The following is another excerpt from ALL NATIVE, the novel.
Coach Stewart also instructed the boys to slow things down – which was a good idea anyway as the Wolfpack played a run and gun game. Man, could they run. They were relentless, coming wave after wave if you let them; it reminded people of the way the Russians looked when they played Team Canada in that first game in 1972. Who are these guys??
The Ravens carried the determination that they wore on their faces coming out of the locker room and were quick on the ball. They got to where the Wolfpack wanted to go before them, drawing a couple of early charging calls. Coach Stewart couldn’t have asked for a much better first quarter as the Ravens led by four after 12 minutes.
During the short break, there was a buzz, a wave of murmurs as people sensed that this was going to be closer than they thought, that the Ravens had a chance. But this had happened before, in many championship games, and often the favorite found their groove, the other shoe dropped, and the pundits were proven right. Coach Stewart was well aware of that. He knew that, seven or eight times out of ten, the Wolfpack would beat the Ravens. But, in his mind, he turned it over. The Ravens would beat the Wolfpack two or three times out of ten, and this would be one of those times.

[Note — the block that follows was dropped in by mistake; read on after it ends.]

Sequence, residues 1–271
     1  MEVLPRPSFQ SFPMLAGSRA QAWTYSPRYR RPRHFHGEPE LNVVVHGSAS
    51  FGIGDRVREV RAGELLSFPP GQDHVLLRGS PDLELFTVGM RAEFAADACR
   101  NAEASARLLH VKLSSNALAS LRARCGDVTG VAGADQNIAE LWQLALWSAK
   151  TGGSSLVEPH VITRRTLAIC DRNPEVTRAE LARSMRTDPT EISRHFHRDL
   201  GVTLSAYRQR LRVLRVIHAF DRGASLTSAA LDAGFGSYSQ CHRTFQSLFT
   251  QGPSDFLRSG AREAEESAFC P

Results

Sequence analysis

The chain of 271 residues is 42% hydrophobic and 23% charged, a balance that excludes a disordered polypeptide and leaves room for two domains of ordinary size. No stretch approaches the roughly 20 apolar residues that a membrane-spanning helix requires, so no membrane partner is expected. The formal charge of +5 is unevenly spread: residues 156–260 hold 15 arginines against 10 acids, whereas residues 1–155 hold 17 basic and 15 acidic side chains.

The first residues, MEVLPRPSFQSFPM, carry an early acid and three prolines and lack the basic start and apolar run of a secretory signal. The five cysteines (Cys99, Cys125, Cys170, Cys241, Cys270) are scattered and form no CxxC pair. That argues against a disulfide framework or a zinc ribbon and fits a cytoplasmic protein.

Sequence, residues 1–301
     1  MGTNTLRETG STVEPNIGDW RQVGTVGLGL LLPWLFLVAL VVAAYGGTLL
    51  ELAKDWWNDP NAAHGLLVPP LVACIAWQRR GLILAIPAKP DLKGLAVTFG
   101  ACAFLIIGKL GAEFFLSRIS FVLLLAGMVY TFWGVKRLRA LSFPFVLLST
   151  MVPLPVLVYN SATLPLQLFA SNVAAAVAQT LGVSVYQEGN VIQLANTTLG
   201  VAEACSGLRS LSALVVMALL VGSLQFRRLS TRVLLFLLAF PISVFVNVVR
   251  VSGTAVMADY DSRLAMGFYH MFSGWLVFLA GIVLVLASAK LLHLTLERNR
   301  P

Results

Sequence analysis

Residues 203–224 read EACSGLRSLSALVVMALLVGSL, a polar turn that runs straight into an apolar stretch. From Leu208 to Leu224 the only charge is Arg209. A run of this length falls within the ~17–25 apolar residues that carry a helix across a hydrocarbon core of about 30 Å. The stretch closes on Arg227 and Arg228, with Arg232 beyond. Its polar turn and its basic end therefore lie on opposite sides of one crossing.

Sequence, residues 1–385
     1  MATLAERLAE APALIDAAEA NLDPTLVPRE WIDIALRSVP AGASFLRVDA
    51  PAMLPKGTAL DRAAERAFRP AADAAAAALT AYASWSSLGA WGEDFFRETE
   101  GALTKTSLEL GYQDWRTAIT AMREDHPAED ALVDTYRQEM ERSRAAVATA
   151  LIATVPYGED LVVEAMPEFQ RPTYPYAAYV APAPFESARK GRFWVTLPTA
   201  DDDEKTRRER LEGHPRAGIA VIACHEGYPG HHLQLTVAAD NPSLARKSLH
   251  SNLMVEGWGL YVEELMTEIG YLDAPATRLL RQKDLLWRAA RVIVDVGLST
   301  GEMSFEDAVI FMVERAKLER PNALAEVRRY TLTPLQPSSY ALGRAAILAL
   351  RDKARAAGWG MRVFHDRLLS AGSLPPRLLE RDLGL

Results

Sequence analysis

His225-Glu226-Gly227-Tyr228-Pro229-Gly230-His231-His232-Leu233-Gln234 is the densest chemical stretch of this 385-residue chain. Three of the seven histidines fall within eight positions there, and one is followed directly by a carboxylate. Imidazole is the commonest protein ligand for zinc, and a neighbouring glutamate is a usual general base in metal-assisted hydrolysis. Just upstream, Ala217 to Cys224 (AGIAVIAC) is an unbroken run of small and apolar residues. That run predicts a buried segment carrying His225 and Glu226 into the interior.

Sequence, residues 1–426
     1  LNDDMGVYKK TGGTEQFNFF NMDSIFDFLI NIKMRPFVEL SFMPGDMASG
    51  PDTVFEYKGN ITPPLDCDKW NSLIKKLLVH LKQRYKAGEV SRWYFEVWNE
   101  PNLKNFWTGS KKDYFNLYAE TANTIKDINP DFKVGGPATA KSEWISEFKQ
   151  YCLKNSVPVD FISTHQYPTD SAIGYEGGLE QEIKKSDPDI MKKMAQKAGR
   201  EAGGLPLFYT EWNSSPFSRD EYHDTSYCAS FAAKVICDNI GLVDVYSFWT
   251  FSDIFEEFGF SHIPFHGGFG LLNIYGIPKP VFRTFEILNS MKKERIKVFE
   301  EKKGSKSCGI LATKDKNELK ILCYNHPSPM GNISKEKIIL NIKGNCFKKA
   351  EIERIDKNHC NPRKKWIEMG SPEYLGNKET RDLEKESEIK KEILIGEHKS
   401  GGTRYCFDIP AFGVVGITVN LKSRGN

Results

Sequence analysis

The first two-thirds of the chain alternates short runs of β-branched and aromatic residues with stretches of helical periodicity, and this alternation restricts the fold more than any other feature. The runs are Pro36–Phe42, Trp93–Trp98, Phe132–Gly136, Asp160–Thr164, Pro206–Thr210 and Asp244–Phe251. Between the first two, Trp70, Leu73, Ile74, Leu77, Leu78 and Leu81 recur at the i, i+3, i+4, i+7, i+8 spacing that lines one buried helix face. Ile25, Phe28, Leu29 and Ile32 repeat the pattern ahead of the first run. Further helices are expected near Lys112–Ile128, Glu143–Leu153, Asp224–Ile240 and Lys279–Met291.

“Take your time out there. Slow it down,” Coach Stewart told his players in the huddle during the break. “These guys think this has been their tournament since they got here last weekend, that it’s the final piece of their plan. Let’s make them wait. Unless a shot really opens up, just screams at you, use as much of the clock as you can. If they miss a couple, they’ll start to feel urgent and that’s when they’ll make mistakes.”
The Ravens continued to take their time on offence in the second quarter but the Wolfpack’s shooting caught fire. Then, the Ravens found themselves turning and running back on defence, after missed shots, far too often. The misses created frustration, which grew towards the end of the second quarter, after Bella Bella went on a 10-point run, including a couple of impressive threes. Suddenly, the Ravens were reaching in too much and trying to help out too much, abandoning their checks.
The thing is these were still kids. And just as they can change their minds a dozen times about what they want for Christmas or what they want to do on Friday night, they can suddenly become different creatures, brave then scared, confident then unsure, calm then nervous. That unpredictability, that volatility of emotion, that fragility, is what makes the Intermediate Boys Division such great drama.